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Review: Black Masquerade - Holy And Bright
Black Masquerade
Holy And Bright

Label: Triumph Records
Year released: 2007
Duration: 48:23
Tracks: 10
Genre: Heavy/Power Metal

Rating: 3.75/5

Review online: July 19, 2008
Reviewed by: Michel Renaud
Readers Rating
Holy And Bright

Rated 2/5 (40%) (1 Vote)

It's been 4 years already since Black Masquerade's first album, Spread Your Wings.  This album here takes the band further on the melodic Power Metal side of things, while still showing hints of traditional Heavy Metal - the 80s anthemic style mostly.  Save for this little adjustment in style, Holy And Bright pretty much follows the same proven recipe as its predecessor - very positive-sounding music albeit occasionally with a (very) little melancholic side, a mix of Heavy/Power guitar riffing that's not too flamboyant but gets the job done.  It's basic, no-frills "feel good" Power Metal that's not over the top in any way, shape or form.  The vocalist does a good job, not trying to go past his comfortable range and not overdoing the higher notes, sticky to a sober style just like the music.  "Follow Me" is notable for sticking out by being of a darker, more traditional Heavy Metal type of song.  "Hell's Gate" on the other hand is more of the "fast Power Metal" style than the other Power songs on the album.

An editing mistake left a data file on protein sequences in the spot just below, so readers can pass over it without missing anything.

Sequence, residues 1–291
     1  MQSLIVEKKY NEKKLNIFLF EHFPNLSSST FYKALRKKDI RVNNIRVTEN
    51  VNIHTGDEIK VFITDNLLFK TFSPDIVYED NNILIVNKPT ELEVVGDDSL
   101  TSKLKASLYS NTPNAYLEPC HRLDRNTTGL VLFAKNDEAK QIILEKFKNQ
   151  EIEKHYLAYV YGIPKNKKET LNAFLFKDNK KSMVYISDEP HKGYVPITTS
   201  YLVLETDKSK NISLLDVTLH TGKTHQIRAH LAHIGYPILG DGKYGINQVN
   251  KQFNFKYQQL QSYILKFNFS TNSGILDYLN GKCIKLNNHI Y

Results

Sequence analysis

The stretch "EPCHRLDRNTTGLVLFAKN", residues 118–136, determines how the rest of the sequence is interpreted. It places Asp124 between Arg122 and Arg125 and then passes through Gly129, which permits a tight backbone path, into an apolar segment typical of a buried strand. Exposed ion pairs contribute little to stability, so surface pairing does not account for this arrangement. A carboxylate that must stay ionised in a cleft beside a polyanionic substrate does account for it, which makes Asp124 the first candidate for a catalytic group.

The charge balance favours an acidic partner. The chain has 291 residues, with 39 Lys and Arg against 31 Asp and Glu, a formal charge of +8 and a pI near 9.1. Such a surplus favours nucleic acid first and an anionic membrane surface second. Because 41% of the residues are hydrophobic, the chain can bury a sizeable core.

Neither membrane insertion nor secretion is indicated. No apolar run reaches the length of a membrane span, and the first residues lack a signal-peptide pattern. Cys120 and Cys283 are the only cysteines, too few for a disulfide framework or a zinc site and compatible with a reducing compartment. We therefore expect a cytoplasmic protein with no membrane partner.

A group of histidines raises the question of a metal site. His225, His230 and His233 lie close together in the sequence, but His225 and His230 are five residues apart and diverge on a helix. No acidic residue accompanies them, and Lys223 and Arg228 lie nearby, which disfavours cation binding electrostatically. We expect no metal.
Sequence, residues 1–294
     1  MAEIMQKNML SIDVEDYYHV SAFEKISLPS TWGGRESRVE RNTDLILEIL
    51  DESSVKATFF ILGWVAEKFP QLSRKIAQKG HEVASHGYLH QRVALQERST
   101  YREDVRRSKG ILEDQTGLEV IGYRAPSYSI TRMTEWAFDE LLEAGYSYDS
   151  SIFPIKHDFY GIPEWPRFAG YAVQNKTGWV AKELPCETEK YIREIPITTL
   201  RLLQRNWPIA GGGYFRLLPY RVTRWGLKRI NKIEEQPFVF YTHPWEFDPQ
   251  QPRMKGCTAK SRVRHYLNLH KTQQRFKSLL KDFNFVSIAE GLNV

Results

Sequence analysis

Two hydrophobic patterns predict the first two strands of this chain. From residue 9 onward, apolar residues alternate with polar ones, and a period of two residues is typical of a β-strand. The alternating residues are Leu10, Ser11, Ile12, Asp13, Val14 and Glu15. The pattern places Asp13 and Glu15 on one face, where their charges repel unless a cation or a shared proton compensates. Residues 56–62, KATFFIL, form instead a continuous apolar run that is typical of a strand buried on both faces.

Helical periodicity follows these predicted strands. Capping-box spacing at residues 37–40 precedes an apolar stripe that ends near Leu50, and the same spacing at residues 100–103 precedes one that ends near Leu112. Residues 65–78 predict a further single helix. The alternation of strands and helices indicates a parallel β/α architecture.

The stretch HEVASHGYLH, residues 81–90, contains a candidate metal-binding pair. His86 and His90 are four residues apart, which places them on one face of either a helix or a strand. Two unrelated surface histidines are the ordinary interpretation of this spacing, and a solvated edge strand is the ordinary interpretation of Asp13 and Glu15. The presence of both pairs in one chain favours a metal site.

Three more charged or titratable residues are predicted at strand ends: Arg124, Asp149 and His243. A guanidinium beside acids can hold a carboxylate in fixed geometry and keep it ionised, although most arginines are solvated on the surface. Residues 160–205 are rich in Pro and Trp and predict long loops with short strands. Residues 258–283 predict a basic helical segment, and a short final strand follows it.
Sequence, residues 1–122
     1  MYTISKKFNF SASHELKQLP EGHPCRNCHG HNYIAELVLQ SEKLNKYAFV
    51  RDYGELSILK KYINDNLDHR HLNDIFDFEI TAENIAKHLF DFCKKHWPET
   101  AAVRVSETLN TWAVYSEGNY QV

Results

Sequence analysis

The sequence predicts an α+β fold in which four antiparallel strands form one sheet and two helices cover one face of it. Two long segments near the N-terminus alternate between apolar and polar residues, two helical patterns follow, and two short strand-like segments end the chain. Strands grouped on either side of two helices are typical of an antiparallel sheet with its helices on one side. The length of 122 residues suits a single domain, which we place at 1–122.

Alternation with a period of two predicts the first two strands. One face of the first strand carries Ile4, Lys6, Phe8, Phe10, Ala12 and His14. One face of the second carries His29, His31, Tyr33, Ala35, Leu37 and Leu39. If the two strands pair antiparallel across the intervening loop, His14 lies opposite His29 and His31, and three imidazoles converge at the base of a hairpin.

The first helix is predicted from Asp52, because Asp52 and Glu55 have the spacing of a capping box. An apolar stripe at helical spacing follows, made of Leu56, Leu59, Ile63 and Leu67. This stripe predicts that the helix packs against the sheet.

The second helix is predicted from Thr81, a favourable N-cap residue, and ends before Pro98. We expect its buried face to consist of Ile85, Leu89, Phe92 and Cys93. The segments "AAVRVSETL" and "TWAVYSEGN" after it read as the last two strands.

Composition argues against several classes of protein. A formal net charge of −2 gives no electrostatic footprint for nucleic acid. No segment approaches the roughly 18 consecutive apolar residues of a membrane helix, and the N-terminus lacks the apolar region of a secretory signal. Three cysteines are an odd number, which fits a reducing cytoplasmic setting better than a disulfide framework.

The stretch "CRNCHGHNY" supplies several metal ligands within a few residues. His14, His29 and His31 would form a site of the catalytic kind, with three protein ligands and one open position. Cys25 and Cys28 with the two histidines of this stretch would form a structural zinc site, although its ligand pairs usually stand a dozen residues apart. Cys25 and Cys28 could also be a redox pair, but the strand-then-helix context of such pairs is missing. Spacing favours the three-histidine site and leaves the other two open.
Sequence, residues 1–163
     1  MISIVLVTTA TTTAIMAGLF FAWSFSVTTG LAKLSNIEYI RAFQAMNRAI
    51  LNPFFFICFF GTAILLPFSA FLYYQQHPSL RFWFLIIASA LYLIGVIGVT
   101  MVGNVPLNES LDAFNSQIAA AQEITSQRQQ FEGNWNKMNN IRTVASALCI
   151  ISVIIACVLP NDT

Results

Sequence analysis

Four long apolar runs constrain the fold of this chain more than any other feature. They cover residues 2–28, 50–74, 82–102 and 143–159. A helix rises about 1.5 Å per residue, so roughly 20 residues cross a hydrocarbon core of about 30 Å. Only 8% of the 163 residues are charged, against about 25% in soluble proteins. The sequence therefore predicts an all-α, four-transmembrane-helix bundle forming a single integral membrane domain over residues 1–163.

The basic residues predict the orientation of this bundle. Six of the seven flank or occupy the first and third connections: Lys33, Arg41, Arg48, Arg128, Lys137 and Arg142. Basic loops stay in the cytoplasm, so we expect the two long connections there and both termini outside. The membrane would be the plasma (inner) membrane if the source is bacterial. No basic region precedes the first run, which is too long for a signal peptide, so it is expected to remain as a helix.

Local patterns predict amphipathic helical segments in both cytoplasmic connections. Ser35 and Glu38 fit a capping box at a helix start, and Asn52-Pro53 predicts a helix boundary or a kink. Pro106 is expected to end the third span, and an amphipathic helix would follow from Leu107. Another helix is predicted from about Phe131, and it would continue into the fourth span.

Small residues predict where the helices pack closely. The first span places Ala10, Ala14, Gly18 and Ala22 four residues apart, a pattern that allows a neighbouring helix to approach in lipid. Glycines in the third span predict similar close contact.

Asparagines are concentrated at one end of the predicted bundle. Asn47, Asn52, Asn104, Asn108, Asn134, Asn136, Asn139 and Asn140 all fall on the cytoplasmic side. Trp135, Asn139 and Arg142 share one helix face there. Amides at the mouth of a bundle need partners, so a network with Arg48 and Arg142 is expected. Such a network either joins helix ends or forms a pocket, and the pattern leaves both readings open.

Not much to complain about here, save for the album closer "Sanoramyun" - fine on the musical side of things, but the same thing is repeated over and over in the second half of the song and it's downright annoying.  And to make matters worse, the damn thing gets stuck in your head as a result of all the repetition.  It'd be skip-worthy if it wasn't for the first half which is OK.  It is the only song on the album that's sung in Japanese, so it also has that going for it. There's also the instrumental "Silent Scene" which is a guitar/keyboards rendition of some classical piece whose name I just can't recall (could be an original, but it sounds pretty damn close to something I've heard before.)  It's not bad, but in the context of the album it feels very odd.  If you have to chose between the two albums, the first one is your best bet, but this one here is not all that far behind.

Other related information on the site
Review: Spread Your Wings (reviewed by Michel Renaud)
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